There is no question that exercise is healthy. Running, or participating in sports or other physical activities that involve running, can help improve a person’s cardiovascular health, maintain a stable bodyweight, and more. However, running can also potentially lead to exercise-related injuries in the legs. Since different parts of a person’s leg can be vulnerable to different injuries, we wanted to share some helpful information on a few of the most common leg injuries related to exercise.

What Causes the Most Common Leg InjuriesAnkle Sprains

Ankle sprains are perhaps the most common of all leg injuries. They occur when the ligaments in the ankle tear or become overstretched. Ligaments hold the bones of the ankle together. While some ligament movement is normal, too much movement can cause a sprain. Ankle sprains most commonly result from taking a single awkward step or landing on a surface that isn’t flat.

Shin Splints

If your shins throb in pain after running, you may be dealing with shin splints. Shin splints, sometimes referred to as medial tibial stress syndrome, can be incredibly painful in the front area of the leg. They occur as a result of excess stress on the shinbone that causes the connective tissues that attach muscles to bones in the shin becoming inflamed. Shin splints are often caused by weakness of ankle, core, or hip muscles, failing to properly warm-up and cool down after a workout, or running in poorly-fitting shoes.

Achilles Tendinitis

The Achilles tendon is a very sensitive area. While many people may associate the Achilles with sudden, serious injuries like a ruptured tendon, the area is also susceptible to painful, nagging injuries like Achilles tendinitis. Achilles tendinitis is a degenerative condition that leads to a weakening of the Achilles tendon. It is caused by natural aging or overuse from too much running over the years. Someone with Achilles tendinitis is far more likely to experience a ruptured tendon.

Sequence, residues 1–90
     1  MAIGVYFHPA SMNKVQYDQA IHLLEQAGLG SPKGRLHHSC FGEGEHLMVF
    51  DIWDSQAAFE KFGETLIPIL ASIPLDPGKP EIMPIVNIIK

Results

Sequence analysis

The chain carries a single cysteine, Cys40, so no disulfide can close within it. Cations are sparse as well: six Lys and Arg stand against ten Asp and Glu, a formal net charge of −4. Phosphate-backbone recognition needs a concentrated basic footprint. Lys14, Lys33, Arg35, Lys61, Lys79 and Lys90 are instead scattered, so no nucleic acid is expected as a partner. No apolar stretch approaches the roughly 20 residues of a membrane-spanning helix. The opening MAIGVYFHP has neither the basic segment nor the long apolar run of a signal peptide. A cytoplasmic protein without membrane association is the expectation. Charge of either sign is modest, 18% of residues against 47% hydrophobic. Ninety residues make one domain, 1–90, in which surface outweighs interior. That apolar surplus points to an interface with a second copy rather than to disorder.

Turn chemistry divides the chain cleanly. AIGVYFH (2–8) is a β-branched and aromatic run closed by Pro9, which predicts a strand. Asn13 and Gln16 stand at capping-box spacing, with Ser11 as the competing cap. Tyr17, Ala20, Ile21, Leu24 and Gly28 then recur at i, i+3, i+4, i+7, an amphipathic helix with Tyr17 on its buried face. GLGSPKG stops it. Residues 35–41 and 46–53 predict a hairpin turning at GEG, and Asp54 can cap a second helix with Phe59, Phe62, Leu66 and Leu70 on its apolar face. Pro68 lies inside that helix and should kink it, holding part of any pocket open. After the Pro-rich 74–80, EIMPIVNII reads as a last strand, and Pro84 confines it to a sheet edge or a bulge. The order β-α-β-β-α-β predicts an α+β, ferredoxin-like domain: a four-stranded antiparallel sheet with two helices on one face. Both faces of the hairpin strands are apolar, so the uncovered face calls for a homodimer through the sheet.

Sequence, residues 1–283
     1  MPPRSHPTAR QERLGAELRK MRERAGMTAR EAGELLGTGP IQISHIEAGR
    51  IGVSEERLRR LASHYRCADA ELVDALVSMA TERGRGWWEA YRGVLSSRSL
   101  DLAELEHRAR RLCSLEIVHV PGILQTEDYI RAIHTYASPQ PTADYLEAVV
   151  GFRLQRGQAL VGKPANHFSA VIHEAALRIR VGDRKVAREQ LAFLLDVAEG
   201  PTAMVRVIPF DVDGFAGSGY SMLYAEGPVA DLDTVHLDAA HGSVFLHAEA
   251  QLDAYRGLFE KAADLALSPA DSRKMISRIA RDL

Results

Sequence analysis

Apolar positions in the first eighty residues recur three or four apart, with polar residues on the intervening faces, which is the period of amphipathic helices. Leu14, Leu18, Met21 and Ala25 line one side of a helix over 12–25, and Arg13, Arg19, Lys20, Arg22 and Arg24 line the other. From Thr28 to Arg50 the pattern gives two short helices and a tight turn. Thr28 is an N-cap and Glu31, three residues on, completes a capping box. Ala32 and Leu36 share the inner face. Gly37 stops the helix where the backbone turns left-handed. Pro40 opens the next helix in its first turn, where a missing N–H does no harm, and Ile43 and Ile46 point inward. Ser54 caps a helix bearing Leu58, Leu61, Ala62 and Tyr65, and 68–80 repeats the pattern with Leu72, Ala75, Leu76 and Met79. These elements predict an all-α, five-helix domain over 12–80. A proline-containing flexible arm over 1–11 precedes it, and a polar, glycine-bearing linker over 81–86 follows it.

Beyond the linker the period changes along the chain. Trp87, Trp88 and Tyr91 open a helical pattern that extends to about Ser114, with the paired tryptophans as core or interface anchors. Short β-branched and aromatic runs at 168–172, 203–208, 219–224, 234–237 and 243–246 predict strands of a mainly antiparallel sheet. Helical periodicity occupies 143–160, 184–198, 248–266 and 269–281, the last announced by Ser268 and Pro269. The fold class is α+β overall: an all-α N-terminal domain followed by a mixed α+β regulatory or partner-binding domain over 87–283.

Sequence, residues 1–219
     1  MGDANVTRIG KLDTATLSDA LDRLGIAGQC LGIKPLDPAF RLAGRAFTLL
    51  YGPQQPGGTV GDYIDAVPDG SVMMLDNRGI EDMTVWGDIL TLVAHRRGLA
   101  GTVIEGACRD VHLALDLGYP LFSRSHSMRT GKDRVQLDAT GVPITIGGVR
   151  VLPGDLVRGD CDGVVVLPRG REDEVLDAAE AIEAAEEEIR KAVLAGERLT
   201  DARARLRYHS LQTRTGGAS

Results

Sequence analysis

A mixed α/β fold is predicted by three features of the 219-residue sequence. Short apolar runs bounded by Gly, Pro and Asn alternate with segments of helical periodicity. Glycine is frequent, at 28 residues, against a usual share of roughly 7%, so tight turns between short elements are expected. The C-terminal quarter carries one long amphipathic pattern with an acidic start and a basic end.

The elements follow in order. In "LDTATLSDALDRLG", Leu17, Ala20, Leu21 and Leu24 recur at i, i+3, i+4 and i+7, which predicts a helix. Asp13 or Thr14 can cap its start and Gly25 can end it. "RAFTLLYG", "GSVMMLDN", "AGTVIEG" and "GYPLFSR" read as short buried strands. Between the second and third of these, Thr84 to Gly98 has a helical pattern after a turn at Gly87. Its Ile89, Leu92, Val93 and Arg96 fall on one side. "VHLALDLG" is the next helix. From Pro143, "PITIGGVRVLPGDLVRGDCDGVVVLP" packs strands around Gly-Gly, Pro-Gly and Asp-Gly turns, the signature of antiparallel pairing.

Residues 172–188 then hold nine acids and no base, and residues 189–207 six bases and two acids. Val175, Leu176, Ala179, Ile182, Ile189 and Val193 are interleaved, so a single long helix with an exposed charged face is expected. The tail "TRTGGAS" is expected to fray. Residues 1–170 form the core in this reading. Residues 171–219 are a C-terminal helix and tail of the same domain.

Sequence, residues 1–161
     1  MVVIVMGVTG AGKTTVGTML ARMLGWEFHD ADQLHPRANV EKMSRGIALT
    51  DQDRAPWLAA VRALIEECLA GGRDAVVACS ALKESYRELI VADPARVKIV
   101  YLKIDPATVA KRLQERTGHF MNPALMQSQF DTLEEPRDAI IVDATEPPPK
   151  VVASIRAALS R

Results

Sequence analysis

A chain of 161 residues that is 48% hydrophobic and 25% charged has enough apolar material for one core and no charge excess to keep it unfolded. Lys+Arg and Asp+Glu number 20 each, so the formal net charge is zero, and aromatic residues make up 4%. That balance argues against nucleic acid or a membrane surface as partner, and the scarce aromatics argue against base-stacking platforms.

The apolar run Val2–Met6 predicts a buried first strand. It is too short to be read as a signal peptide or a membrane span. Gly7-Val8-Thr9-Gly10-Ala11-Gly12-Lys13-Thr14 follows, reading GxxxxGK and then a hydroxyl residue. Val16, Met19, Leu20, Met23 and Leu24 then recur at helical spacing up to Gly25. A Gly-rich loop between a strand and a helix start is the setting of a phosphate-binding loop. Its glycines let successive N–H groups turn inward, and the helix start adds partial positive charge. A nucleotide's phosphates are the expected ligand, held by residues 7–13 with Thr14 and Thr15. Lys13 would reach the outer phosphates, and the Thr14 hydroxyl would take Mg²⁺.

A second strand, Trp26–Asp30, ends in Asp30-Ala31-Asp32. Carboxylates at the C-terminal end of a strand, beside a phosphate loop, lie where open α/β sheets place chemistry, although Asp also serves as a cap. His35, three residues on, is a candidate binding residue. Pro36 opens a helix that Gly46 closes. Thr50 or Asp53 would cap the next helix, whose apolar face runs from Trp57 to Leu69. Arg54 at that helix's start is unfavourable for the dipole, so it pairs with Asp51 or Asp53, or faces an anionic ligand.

Torn ACL

Commonly associated with athletes like football and basketball players, a torn ACL (anterior cruciate ligament) can happen to anyone. A torn ACL typically occurs without the knee making contact with another surface. They often result from sudden stops or changes of direction while running, or making sudden movements like turns or jumps. Unlike a sprain or strain, a torn ACL may require surgery to be effectively repaired.

Getting regular physical exercise can go a long way towards helping to maintain good mental and physical wellness as we age. However, sometimes an injury is unavoidable. If you have experienced any of these (or any other) sports injuries, our sports medicine specialists can help by diagnosing the issue and developing the best-possible treatment plan to get you back on your feet as soon as possible. To learn more about the sports medicine services we offer or to schedule an appointment, contact Family Practice Center today. Don’t forget to follow us on Facebook and Twitter for additional health tips, news, and more.